Brexit Party candidate reveals ‘bizarre EU conspiracy theories’ in ‘car-crash’ interview
PUBLISHED: 17:45 04 November 2019 | UPDATED: 10:47 06 November 2019
A Brexit Party candidate has outlined a series of bizarre conspiracy theories about the EU, including that it was founded in a temple and is based on the exploitation of women.
Become a Supporter
Almost four years after its creation The New European goes from strength to strength across print and online, offering a pro-European perspective on Brexit and reporting on the political response to the coronavirus outbreak, climate change and international politics. But we can only continue to grow with your support.
Timothy Vince, the Brexit Party's candidate for South Thanet, told BBC's Sunday Politics South East show about his beliefs in how the organisation was created.
"The founding myth of the EU is actually the exploitation of women - you have the statue of Zeus with Europa riding, and it's based on deception, abduction and rape," Vince said.
Vince is apparently referring to a prominent statue in the European district of Brussels, which depicts the classical story of Europa - after whom the continent is named - who was abducted by Zeus in the form of a bull.
In what the organisation Hope Not Hate described as a 'car-crash interview' featuring 'bizarre conspiracy theories', Vince added: "People don't know that because they want to talk about money and other things.
"My concern is that the EU is leading us to an empire. That is basically totalitarial [sic], which takes away the choice of the democratic element."
Vince had previously called the EU 'wicked', and claimed it was created - or at least signed - in a temple equated with Satanism.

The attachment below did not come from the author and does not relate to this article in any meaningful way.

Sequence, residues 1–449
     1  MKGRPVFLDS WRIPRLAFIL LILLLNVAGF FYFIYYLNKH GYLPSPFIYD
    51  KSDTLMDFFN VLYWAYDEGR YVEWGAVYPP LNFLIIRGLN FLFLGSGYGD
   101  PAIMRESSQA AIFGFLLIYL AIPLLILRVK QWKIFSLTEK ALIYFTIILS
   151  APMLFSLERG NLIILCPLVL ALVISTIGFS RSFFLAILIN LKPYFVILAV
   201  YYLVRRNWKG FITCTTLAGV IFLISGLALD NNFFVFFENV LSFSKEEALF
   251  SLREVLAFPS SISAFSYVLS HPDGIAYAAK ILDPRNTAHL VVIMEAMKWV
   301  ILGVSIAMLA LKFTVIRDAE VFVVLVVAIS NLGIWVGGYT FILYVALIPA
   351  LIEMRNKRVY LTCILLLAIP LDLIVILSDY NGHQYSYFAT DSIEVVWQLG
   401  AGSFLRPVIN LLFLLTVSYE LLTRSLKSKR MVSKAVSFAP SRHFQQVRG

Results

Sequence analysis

Vince was formerly a presenter on the evangelical Christian channel Revelation TV, and had previously stated the EU was associated with thunderbolts, swastikas, and Nazi Germany, according to the show's host.
"I'm just making the point that, do we want our future to be dictated by Greek and Roman mythology that led to dictatorships?"
South Thanet has twice been contested by Nigel Farage, who stood there in 2005 and 2015, and was unsuccessful in both attempts.
Vince's bizarre conspiracy theories follow news of the ex-Brexit Party candidate for Batley and Spen announcing her belief that she is from a distant star and that extraterrestrials are working with world governments.
Become a Supporter
Almost four years after its creation The New European goes from strength to strength across print and online, offering a pro-European perspective on Brexit and reporting on the political response to the coronavirus outbreak, climate change and international politics. But we can only rebalance the right wing extremes of much of the UK national press with your support. If you value what we are doing, you can help us by making a contribution to the cost of our journalism.Become a supporter